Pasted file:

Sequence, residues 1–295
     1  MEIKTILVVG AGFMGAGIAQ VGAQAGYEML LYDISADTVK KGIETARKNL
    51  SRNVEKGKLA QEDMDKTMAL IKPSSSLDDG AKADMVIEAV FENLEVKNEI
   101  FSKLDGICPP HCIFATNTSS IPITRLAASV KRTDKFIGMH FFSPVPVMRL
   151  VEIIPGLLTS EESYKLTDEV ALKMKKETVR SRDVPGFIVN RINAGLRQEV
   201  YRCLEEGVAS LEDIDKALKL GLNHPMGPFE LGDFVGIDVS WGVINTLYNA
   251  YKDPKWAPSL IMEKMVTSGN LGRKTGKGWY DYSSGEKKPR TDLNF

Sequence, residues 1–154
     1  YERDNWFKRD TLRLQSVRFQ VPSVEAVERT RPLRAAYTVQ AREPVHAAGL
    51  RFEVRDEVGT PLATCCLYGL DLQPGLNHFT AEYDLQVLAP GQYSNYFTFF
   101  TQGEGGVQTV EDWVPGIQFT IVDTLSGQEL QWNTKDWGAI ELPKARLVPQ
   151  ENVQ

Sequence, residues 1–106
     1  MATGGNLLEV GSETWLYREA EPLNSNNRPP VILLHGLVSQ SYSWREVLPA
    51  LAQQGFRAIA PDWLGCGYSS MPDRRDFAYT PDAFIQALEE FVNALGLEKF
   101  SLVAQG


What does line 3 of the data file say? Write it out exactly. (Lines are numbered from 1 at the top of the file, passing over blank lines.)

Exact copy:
    51  SRNVEKGKLA QEDMDKTMAL IKPSSSLDDG AKADMVIEAV FENLEVKNEI